In areas that are prone to heavier than average rainfall, it’s a good idea to either mound your soil, or plant azaleas in a raised garden bed.
If your azalea is a small potted plant rather than a garden bush, raise the container off the ground and place a ground cover over the soil to prevent fungal spores splashing up when it rains.
How to prevent azalea root rot
Phytophthora root rot is a common problem with azalea plants. Prevention needs to be considered before planting, and before even buying an azalea for your garden.
There are two crucial things to consider.
- Planting disease-resistant varieties of azaleas
- Planting in a suitable location where the soil won’t likely be saturated for too long
Disease-resistant varieties of azaleas include: The Indian azalea (R. Simsii), Corrine, Fred Cochran, Hampton Beauty, Rose Greeley, and the Glacier azaleas.
Moderately resistant varieties include: the Jan Cochran, Morning Glow, Pink Supreme, Red Wing, and the Sweetheart Supreme.
As for the planting location, this will depend on the type of azalea you’re planting. Most azaleas are shade-loving plants, but there are some hybrids that can be planted in sunnier locations.
The one thing they all universally need is well-draining soil, and somewhere that’s not exposed to being overly wet.
Locating these close to your home or a garden shed that has a downspout allowing rainwater to pour away from the building, is likely to increase soil saturation too much.
Aim for a planting location that has plenty of open air around it to allow for good air circulation all around the bush. Up against a garden fence or wall reduces air flow.
It’s also important that if you’re planting more than one so you can grow a bigger azalea bush for more flowers, that you know how far apart to plant azaleas.
Too close together and the air flow through the branches can make it too slow to dry out, increasing the likelihood of roots remaining wet for too long.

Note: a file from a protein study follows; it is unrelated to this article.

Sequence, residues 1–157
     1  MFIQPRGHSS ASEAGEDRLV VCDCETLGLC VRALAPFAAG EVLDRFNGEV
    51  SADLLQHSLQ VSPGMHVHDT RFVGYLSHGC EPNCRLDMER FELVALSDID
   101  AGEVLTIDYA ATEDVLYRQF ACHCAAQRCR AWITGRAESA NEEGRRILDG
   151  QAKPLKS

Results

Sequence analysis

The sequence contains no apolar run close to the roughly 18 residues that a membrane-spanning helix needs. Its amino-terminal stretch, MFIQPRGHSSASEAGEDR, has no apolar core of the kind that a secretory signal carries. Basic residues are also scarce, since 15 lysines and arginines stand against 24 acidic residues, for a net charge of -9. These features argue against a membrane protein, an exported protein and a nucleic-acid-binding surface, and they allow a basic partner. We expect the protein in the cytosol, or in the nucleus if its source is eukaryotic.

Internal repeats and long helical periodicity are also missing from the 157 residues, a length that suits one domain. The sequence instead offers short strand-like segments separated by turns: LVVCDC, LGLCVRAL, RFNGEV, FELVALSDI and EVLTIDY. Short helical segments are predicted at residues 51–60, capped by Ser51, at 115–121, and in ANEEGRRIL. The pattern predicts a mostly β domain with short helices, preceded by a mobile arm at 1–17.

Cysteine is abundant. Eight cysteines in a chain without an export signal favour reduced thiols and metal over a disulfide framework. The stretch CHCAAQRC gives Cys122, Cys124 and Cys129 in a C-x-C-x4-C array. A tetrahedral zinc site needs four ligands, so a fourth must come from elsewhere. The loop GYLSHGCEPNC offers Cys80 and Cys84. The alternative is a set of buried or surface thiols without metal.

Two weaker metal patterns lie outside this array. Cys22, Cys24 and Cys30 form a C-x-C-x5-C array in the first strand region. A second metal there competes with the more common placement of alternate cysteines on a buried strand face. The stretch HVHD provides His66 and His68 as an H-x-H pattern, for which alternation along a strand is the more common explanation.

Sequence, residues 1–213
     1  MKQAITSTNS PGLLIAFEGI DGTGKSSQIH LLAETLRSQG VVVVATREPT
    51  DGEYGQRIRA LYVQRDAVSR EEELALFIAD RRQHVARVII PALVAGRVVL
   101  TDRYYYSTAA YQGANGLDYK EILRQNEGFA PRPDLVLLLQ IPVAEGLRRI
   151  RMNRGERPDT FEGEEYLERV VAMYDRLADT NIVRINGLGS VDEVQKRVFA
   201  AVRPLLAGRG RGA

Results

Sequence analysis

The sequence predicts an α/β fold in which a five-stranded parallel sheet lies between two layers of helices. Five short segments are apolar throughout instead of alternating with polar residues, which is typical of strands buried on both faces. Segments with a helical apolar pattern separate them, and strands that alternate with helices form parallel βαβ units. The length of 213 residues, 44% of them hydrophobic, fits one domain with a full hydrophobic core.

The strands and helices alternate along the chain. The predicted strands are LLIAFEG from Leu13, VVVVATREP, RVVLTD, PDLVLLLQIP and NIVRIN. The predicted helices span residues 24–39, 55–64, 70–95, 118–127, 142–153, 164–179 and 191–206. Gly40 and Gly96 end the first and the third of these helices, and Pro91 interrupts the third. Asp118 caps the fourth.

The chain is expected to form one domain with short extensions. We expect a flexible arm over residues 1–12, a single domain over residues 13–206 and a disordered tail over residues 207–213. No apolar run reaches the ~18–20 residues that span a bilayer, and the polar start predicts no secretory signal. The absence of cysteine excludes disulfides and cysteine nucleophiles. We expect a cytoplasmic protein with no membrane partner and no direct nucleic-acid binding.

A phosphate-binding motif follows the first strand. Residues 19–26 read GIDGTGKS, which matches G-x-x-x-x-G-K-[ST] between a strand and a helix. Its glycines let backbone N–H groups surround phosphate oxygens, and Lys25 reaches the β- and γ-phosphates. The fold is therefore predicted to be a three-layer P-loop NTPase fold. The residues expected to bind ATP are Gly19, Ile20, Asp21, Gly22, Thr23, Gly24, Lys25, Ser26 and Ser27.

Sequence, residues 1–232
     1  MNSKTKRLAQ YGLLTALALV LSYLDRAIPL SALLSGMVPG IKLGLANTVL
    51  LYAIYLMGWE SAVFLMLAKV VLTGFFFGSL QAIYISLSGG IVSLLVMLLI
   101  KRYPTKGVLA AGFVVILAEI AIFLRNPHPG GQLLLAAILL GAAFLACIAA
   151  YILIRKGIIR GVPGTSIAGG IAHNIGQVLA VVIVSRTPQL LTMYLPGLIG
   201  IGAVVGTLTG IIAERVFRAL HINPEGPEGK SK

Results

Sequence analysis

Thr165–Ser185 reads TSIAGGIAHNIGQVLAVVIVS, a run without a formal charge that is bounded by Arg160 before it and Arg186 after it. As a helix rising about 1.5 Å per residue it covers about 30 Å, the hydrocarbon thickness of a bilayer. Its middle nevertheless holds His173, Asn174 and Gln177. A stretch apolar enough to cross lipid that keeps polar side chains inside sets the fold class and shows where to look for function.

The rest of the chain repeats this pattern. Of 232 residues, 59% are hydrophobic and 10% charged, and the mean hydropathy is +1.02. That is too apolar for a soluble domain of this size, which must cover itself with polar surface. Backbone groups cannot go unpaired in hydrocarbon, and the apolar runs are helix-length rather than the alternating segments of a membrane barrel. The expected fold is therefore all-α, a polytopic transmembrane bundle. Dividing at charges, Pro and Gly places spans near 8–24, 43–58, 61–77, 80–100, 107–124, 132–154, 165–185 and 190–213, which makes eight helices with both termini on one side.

Roots in soggy soil is ultimately the breeding ground for fungal spores to develop. The crucial factor to prevent azalea root rot is to prevent the roots sitting in soggy soil.
Frequently asked questions related to azalea root rot
Should I grow azalea in a raised garden bed instead of ground soil?
Smaller azalea shrubs rarely establish a root zone deeper than 12-inches. If your soil lacks the drainage and adding pine bark, or sharp sand along with compost to improve drainage doesn’t help, then switching to a raised bed planter will help prevent roots sitting in soggy soil.
How do I amend the soil to make it suitable for azaleas to survive?
Pine bark and compost help improve drainage. For clay-heavy soils, use sharp sand instead of bark. If you live an in area that gets a lot of rainfall, make a mound that’s about 8 to 12-inches above the ground soil, then use soil amendments to improve soil drainage.
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Daniel has been a plant enthusiast for over 20 years. He owns hundreds of houseplants and prepares for the chili growing seasons yearly with great anticipation. His favorite plants are plant species in the Araceae family, such as Monstera, Philodendron, and Anthurium. He also loves gardening and is growing hot peppers, tomatoes, and many more vegetables.